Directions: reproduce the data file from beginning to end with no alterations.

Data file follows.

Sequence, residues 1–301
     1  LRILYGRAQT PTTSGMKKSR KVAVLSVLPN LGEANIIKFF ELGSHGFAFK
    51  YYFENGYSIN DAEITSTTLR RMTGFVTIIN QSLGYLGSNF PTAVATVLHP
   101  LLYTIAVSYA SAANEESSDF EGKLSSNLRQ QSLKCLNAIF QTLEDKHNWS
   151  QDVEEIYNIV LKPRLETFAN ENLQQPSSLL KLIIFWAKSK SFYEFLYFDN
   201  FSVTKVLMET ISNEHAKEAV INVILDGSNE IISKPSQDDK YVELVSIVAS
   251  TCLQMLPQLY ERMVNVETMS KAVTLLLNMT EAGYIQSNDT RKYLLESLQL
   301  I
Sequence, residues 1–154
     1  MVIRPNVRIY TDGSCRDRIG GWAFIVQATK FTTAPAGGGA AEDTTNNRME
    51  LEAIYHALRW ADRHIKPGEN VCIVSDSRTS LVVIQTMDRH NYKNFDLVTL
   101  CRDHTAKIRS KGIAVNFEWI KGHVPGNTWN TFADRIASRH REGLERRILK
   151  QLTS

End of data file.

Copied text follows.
Sequence, residues 1–301
     1  LRILYGRAQT PTTSGMKKSR KVAVLSVLPN LGEANIIKFF ELGSHGFAFK
    51  YYFENGYSIN DAEITSTTLR RMTGFVTIIN QSLGYLGSNF PTAVATVLHP
   101  LLYTIAVSYA SAANEESSDF EGKLSSNLRQ QSLKCLNAIF QTLEDKHNWS
   151  QDVEEIYNIV LKPRLETFAN ENLQQPSSLL KLIIFWAKSK SFYEFLYFDN
   201  FSVTKVLMET ISNEHAKEAV INVILDGSNE IISKPSQDDK YVELVSIVAS
   251  TCLQMLPQLY ERMVNVETMS KAVTLLLNMT EAGYIQSNDT RKYLLESLQL
   301  I
Sequence, residues 1–154
     1  MVIRPNVRIY TDGSCRDRIG GWAFIVQATK FTTAPAGGGA AEDTTNNRME
    51  LEAIYHALRW ADRHIKPGEN VCIVSDSRTS LVVIQTMDRH NYKNFDLVTL
   101  CRDHTAKIRS KGIAVNFEWI KGHVPGNTWN TFADRIASRH REGLERRILK
   151  QLTS